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Aleksandra Babii, Ms. Alina Carare, Dmitry Vasilyev, and Mr. Yorbol Yakhshilikov
Traditional models relying on standard variables like the U.S. Hispanic unemployment rate fared well in explaining remittances to CAPDR and Mexico during the pre-pandemic period. However, they fail to predict the sustained growth in remittances since June 2020, including the significant increase in the average amount remitted. Using data from over 300 remittances corridors (from 23 U.S. states to 14 Salvadoran departments), we find that this increase is primarily explained by the dynamics of U.S. states real wages, as well as more temporary factors like U.S. unemployment relief (including the extraordinary pandemic support), U.S. states mobility, and COVID-19 infections at home. The paper also analyses what role the change in the modes of transmission of remittances, additional U.S. fiscal stimulus and U.S. labor market developments, especially in the sectors were CAPDR and Mexican migrants preponderantly work, play in explaining aggregate remittances growth.
Aleksandra Babii, Ms. Alina Carare, Dmitry Vasilyev, and Mr. Yorbol Yakhshilikov

, section III presents stylized facts on the evolution of aggregate remittances to CAPDR countries. Section IV applies the traditional empirical model of the evolution of remittances to CAPDR countries, through two methods, while section V examines the evolution of aggregate remittances through the prism of volume and value effects. Section VI analyses the drivers of average value of remittances sent by an average Salvadoran migrant in the U.S. states to Salvadoran departments. Section VII discusses policy implications and concludes. II. Literature Review The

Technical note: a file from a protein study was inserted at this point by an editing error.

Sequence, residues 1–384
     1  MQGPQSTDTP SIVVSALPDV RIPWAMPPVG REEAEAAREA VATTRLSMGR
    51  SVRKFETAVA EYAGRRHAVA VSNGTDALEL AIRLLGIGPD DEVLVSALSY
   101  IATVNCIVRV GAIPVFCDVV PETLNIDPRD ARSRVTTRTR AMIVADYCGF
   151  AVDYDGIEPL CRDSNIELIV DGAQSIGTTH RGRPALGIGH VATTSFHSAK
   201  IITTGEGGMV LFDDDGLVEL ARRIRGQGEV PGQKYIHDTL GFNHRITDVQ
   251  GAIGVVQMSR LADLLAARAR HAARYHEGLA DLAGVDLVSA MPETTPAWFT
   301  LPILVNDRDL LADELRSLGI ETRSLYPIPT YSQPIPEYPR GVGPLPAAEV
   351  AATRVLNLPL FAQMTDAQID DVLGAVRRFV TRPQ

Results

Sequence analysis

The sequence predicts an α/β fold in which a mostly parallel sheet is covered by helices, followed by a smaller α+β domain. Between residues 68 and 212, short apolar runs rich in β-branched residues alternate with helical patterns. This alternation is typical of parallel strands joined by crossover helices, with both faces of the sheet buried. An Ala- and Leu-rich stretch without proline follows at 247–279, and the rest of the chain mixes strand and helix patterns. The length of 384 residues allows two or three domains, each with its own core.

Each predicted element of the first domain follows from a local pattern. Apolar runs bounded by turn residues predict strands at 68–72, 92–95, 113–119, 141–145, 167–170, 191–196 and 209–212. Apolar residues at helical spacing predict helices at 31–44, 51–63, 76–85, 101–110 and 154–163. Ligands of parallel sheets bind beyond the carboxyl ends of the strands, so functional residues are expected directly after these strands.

Shinya Kotera and Jochen M. Schmittmann

This paper investigates labor market dynamics in Japan during the COVID-19 pandemic drawing on macro and micro data. The pandemic and related containment measures had a large negative impact on employment, labor force participation, earnings, and labor market mobility, although policy support through furlough schemes partially mitigated the rise in unemployment. Our results indicate that industry effects were a crucial driver of labor market outcomes for different groups of employees — women, younger age groups, nonregular, self-employed, and low-income workers accounted for a disproportional share of employment in the hardest hit industries. We also find empirical evidence for the need to improve childcare and related support, training and upskilling offerings, and teleworking availability, and the role of skill mismatches in reducing labor market mobility and resource reallocation.

Aleksandra Babii, Ms. Alina Carare, Dmitry Vasilyev, and Mr. Yorbol Yakhshilikov

Copyright Page © 2022 International Monetary Fund WP/22/92 IMF Working Paper Western Hemisphere Department Evolution of Remittances to CAPDR Countries and Mexico During the COVID-19 Pandemic Prepared by Aleksandra Babii, Alina Carare, Dmitry Vasilyev, and Yorbol Yakhshilikov 1 Authorized for distribution by Manuela Goretti May 2022 IMF Working Papers describe research in progress by the author(s) and are published to elicit comments and to encourage debate . The views expressed in IMF Working Papers are those of the author(s) and do not